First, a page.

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United States Department of Agriculture

Agricultural Research Service

Title: Comparison of Broadcast and Band Application of Poultry Litter on Cotton

Authors
item Armstrong, Shalamar
item Tewolde, Haile
item Way, Thomas
item Rowe, Dennis
item Sistani, Karamat
item Taylor, R - ALABAMA A&M UNIVERSITY

Submitted to: National Cotton Council Beltwide Cotton Conference
Publication Type: Abstract Only
Publication Acceptance Date: January 4, 2005
Publication Date: May 1, 2005
Citation: Armstrong, S.D., Taylor, R.W., Tewolde, H., Rowe, D.E., Way, T., Sistani, K. 2005. Comparison of broadcast and band application of poultry litter on cotton [abstract]. Proceedings National Cotton Council Beltwide Cotton Conference. p. 2613.

Technical Abstract: Poultry litter contains nutrient compounds such as NH3 that are vulnerable to volatilization with land application. Researchers of the USDA-ARS at Auburn, AL designed and built a new implement that applies litter in subsurface bands and potentially reduces the N loss to the atmosphere. Field research conducted at the R.R. Foil Plant Science Research Facility in Starkville, MS compared the new subsurface band application to the conventional surface broadcast application of litter. Fertilizer treatments were a no fertilizer control, 115 kg ha-1 of N from 32% urea ammonium nitrate, poultry litter surface broadcast before planting at 2240, 6720, and 11200 kg ha-1, subsurface banded before planting at 6720 kg ha-1 and subsurface banded after planting at 6720 kg ha-1 after planting. Subsurface banding was 20 cm from the row center. Responses measured were cotton yield and N uptake. Subsurface banding after planting of cotton was better than all other treatments except for broadcast at 11200 when the difference was not significant. The apparent N recovery for the subsurface banding after planting was highest for the subsurface banding of poultry litter after cotton has been planted. This first year of results suggest that subsurface banding of poultry litter is a more efficient use of poultry litter. This efficiency could result in less litter applied to the row crops.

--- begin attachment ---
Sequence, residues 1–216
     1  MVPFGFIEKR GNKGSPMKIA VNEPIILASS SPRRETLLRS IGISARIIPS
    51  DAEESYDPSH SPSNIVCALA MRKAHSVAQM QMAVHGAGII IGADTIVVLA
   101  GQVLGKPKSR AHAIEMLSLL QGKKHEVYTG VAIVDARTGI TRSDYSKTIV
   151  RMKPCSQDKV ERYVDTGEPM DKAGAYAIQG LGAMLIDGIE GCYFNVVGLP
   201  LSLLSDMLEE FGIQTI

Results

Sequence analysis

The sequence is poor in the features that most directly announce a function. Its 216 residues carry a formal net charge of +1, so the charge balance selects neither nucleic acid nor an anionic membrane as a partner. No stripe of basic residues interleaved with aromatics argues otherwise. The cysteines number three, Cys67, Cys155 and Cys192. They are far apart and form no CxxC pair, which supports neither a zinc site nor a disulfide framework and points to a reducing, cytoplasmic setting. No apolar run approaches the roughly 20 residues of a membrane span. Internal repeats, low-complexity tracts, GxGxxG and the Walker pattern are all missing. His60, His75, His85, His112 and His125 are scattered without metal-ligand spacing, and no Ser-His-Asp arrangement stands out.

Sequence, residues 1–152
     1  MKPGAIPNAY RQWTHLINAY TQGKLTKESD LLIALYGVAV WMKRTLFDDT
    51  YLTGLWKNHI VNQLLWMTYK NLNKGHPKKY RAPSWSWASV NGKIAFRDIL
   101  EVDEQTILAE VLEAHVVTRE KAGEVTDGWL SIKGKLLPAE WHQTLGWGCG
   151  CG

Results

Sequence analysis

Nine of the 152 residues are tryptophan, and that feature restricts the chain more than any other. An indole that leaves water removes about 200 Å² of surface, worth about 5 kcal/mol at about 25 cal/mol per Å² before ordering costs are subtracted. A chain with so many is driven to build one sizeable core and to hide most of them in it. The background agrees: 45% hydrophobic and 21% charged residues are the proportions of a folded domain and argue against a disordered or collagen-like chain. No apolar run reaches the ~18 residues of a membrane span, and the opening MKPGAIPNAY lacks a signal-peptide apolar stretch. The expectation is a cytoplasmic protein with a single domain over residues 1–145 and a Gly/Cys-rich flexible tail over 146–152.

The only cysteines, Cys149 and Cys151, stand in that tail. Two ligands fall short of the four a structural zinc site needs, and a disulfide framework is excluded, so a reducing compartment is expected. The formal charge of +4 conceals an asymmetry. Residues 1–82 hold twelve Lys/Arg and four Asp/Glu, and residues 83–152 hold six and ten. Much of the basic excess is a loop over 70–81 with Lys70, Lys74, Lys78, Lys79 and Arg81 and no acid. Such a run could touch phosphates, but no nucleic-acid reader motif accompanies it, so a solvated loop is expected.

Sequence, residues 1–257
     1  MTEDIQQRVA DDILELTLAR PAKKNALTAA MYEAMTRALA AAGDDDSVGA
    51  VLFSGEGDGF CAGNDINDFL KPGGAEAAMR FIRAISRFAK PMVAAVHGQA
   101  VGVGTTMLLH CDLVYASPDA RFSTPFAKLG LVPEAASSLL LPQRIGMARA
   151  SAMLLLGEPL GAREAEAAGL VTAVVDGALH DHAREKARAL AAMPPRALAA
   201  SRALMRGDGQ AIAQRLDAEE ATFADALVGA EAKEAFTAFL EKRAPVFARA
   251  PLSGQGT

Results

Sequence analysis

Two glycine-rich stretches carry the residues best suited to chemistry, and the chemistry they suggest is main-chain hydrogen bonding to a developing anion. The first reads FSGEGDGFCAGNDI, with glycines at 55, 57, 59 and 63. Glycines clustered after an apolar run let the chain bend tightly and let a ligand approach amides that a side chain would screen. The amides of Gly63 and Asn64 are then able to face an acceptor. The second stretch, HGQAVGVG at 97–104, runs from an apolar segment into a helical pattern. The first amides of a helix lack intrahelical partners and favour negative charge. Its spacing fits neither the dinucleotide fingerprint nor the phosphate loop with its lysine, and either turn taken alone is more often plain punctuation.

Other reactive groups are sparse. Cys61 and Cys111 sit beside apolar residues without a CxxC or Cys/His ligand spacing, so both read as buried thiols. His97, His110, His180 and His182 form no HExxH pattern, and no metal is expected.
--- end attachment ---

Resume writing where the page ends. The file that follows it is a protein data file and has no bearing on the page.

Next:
Last Modified: 7/30/2014
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